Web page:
Thanks to the LA Times, the Sacramento Bee, and others for suing for the public release of state assembly members’ administrative budgets, and for keeping up the pressure in numerous editorials over the past few weeks.
The suit arose after 44th Assembly representative Anthony Portantino’s staff was furloughed, the result of California Assembly leader Perez’s abrupt cut-off of funds to that office. Perez has now announced a “task force” to address the matter. Why is any “task force” needed? What is being scrubbed before it is dragged into the light of day?
Today’s LA Times op-ed, Shaming California, gets to the heart of the matter:
… it has brought necessary public and media attention to the fact that California’s elected representatives receive unequal resources to perform their duties, and that the allocations, controlled by a small group of Capitol party bosses, are often based on a system of whims, grudges and rewards. A member who unquestioningly follows marching orders may end up with a larger staff and therefore be better positioned to represent the needs of his district. Another member who is less reliably deferential may be required to serve her constituents with fewer tools at her disposal. The result is unequal representation for Californians in their state government, based on the obedience quotient of the legislator elected in the community they happen to inhabit.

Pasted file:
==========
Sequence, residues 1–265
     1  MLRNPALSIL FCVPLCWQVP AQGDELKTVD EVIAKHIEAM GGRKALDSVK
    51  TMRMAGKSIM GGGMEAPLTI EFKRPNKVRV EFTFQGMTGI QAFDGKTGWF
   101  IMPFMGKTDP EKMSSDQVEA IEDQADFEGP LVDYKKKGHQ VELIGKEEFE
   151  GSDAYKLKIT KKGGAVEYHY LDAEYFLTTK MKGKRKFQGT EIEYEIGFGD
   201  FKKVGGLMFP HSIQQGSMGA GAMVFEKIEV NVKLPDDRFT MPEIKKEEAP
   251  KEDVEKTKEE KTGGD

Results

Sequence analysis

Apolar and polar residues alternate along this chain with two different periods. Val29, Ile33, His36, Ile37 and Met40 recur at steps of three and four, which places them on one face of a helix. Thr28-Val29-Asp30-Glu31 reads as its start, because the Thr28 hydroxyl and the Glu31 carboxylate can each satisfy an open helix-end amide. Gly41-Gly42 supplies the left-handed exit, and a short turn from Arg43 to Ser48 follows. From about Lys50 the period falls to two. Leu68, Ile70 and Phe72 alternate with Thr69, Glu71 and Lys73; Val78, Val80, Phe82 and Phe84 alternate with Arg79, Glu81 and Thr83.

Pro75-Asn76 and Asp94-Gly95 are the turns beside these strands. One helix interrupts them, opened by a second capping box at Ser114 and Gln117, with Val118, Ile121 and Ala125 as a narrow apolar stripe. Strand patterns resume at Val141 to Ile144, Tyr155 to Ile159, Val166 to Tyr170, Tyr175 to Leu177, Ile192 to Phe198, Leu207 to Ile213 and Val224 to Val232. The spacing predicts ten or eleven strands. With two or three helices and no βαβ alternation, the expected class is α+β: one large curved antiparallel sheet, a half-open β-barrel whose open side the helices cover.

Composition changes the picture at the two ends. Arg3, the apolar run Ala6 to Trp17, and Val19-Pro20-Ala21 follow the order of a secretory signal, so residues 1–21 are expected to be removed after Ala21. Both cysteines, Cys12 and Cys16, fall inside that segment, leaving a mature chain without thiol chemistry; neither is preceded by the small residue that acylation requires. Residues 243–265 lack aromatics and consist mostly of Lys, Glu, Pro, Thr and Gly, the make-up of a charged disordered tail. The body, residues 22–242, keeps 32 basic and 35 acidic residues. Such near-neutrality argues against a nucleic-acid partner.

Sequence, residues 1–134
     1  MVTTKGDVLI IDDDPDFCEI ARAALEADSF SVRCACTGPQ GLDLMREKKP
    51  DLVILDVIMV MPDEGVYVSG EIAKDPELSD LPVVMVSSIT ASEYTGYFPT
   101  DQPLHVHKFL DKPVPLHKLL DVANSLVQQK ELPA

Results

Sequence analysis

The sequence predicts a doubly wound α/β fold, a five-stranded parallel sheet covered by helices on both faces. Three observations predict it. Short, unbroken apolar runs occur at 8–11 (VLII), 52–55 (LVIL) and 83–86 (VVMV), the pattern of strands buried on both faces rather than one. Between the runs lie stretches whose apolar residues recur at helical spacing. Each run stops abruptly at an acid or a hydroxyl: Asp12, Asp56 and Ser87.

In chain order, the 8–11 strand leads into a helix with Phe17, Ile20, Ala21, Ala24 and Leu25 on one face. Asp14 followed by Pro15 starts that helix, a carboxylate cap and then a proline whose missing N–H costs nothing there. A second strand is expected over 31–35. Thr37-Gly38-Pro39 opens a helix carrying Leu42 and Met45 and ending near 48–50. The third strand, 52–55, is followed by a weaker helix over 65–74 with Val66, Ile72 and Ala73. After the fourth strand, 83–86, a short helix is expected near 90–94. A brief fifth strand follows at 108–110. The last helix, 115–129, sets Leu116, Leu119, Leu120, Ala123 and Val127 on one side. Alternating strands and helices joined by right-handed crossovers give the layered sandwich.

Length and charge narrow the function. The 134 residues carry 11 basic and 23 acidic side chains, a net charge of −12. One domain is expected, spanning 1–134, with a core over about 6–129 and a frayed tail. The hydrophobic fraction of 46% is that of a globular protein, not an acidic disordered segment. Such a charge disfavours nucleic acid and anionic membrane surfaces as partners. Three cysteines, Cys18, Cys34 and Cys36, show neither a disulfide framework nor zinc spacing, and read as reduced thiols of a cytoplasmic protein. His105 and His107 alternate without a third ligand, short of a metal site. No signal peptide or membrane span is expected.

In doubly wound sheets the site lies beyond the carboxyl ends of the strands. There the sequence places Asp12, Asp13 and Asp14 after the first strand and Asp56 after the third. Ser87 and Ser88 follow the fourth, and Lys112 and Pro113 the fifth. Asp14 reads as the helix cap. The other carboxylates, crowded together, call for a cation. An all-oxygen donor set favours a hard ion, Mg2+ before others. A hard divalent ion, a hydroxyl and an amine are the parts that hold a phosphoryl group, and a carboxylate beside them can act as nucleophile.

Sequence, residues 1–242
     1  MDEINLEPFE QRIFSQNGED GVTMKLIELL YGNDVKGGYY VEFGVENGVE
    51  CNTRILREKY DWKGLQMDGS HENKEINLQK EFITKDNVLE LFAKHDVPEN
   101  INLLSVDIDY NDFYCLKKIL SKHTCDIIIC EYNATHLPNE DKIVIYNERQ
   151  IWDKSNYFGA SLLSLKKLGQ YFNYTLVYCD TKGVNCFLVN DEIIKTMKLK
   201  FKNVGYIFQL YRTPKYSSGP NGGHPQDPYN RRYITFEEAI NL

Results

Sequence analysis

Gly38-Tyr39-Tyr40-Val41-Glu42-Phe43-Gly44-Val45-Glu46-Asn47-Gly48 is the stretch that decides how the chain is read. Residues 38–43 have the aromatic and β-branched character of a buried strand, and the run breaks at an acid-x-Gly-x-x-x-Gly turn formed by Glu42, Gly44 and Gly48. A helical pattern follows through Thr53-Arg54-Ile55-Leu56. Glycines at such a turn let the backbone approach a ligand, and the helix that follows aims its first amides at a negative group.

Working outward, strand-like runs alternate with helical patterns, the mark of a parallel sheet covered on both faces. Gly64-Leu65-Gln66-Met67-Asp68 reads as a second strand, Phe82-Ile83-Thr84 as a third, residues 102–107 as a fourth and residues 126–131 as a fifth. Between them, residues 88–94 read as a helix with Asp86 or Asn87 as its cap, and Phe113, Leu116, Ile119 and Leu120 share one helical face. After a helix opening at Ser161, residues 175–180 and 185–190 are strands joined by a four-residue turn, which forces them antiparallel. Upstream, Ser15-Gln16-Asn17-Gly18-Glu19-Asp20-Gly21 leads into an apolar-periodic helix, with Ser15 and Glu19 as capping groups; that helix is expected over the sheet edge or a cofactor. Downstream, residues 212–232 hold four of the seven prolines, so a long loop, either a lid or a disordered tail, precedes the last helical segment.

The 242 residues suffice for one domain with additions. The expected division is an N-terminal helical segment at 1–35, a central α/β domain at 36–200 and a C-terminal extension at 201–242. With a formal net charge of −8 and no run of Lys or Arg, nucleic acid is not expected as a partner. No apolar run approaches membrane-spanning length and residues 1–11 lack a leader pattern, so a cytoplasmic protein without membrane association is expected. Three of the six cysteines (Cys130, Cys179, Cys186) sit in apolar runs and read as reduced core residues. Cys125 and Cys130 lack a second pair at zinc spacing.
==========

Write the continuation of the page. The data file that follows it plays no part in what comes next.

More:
How is it that Portantino’s suggestion that his vote was punished by withholding of funds wasn’t immediately met with absolute transparency and disclosure of how all those funds are allocated?
How can our elected state representatives truly serve their constituents if they can’t vote their conscience because it may effect their administrative budgets?
Every single scrap of paper related to assembly members’ administrative budgets should be released now, and the rules explained, so constituents know their representation isn’t being compromised.